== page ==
She landed heavily on the lawn, yellow beaked
with bright red spot for a Pavlov response
in their tiny brood of ever hungry chicks,
grabs and fights and fusses over a few crumbs,
flapping noisily those strong wings, holding
her muscled body ready to fly off in an instant
should cat or dog or gardening human appear.
Now she readies her self, stamps her feet,
their webbed strength sounding like rain
to those wriggling worms who, on hearing,
tunnel their way up towards the pittering
and pattering, and raising their blind eyes
find themselves lost in the snapping sunny
jaws of the ever hungry, diligent mother.
She heaves herself screaming off the ground
and cries and shouts her way over the rows
of roof tops until she’s home, hee-haws her
coo at her chimney, disgorges wriggling worms,
into open beaks of her mottled family,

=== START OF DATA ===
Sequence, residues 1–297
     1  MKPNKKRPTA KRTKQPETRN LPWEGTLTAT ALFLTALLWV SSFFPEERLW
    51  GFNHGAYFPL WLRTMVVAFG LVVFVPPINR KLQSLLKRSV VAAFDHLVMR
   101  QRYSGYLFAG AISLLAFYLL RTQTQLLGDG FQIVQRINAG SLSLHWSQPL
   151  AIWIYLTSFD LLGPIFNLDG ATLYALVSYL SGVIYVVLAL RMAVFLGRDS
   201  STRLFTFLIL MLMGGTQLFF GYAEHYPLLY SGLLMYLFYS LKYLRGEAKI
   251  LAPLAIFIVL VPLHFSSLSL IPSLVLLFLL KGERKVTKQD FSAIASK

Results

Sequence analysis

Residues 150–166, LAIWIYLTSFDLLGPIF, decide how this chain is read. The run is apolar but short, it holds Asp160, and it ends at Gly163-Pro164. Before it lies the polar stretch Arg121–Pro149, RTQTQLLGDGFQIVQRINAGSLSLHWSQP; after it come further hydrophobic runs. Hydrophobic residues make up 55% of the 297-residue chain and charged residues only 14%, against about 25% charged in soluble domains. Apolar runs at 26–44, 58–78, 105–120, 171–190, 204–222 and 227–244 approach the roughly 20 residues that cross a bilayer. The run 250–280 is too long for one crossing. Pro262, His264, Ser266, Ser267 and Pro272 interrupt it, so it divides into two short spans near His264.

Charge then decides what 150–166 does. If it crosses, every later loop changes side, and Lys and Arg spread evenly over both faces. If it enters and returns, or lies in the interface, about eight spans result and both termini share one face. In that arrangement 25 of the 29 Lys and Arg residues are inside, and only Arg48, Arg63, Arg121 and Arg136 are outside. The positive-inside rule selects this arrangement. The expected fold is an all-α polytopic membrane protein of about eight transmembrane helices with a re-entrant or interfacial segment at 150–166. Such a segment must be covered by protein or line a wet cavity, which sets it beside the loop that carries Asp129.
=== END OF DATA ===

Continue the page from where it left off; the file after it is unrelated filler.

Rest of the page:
squawking and batting each other, just to
tell her how their empty bellies grumble.
Hoisting herself back into the air, joins a
fight over lunch scraps by an empty bench,
and keeping a weather eye on gardens she
takes to the air and her well fed chicks call
her back and back, always asking for more,
but together with her mate they endure,
until they are ungainly brown grown birds.
They struggle to get their last nested meal,
hastening over each other to clamber out,
and then they flop onto branches and begin
to flap their strengthening wings until they
too flap and fly and scream with delight
as the air flows over their growing bodies
and the skies open to their unfettered joy.
They scrapped and fought as they grew
They fussed and wailed and squabbled,
cried out their annoyance, hunger and
from their persistent progeny they have
learned well their lessons and too from
hardworking parents, for now they flew
and wailed, scrabbling for kitchen scraps.
They screamed, chattered and fought
their way through the summer months,
snatched worms from the earth, pushed
and shoved but while brown they took
the second place in everything until, after
two long winters they were whitened.